(The Center Square) - The U.S. House of Representatives passed legislation Thursday that would make the site of a World War II Japanese internment camp in southeastern Colorado a National Historic Site.
The legislation, which was first introduced in April by Reps. Joe Neguse, D-Colo., and Ken Buck, R-Colo., would designate the Granada Relocation Center - commonly known as Camp Amache - as the Amache National Historic Site, which would be managed by the U.S. National Park Service (NPS).
The legislation passed the House on Thursday in a 416-2 vote and moves to the U.S. Senate, where it's sponsored by Sens. Michael Bennet, D-Colo., and John Hickenlooper, D-Colo.
The site, which is currently designated as a National Historic Landmark, at its peak had 7,300 Japanese American and Japanese immigrant internees, according to NPS.
"The story of Amache is an important one," Neguse said in a statement. "Designation of Amache as a National Historic Site will help us to honor and preserve the stories of many survivors who lived through this dark moment in our nation's history, and provide education and healing for future generations."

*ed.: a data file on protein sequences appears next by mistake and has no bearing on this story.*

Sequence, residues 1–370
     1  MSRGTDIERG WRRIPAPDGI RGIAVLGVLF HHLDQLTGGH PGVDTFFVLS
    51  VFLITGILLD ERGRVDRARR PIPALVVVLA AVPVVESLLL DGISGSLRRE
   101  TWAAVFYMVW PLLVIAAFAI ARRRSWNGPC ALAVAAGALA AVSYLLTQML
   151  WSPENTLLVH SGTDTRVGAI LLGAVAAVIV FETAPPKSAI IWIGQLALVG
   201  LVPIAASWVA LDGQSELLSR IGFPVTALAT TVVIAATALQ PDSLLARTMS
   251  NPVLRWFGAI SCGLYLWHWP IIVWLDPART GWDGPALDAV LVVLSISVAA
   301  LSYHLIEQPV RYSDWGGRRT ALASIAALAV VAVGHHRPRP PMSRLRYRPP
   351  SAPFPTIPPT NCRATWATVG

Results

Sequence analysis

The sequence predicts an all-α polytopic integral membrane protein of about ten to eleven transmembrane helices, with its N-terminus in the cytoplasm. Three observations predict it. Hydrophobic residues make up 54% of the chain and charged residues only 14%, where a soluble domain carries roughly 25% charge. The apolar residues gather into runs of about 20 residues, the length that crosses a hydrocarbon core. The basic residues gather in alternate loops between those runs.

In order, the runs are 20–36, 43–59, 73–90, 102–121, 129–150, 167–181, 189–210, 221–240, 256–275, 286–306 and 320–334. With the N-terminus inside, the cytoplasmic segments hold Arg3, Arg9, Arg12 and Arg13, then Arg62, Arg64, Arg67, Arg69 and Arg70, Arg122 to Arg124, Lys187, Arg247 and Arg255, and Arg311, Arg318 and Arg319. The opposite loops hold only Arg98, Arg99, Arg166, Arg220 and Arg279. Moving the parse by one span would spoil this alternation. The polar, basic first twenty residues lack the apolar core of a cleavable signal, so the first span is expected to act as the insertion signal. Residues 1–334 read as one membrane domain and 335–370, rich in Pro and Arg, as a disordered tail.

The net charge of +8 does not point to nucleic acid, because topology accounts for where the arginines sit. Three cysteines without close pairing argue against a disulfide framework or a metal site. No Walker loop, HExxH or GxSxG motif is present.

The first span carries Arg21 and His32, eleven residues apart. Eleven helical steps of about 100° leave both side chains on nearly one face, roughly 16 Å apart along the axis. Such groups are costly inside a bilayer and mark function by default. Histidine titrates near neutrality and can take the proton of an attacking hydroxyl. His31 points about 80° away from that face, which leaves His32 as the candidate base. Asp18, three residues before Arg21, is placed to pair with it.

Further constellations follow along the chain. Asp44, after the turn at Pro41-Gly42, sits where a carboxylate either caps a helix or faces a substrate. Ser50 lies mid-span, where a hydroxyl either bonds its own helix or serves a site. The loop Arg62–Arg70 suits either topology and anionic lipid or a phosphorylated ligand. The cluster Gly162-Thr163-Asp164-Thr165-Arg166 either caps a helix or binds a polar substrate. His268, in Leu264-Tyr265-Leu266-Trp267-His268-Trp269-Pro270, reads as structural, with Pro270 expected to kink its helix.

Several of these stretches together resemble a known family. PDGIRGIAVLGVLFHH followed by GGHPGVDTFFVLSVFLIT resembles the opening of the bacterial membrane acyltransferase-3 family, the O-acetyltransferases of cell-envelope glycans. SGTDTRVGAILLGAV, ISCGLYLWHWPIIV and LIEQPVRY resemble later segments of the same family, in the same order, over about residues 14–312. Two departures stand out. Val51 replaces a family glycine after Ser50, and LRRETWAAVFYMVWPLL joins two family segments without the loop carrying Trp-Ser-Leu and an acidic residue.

Buck urged the legislation's "swift passage" in the Senate and said it's important "because it recognizes the horrible injustices committed against Japanese Americans and preserves the site for people throughout Colorado and the United States."
Gov. Jared Polis, who previously endorsed the legislation, said Colorado is "home to world-class national parks and adding the Amache site honors those values and our history."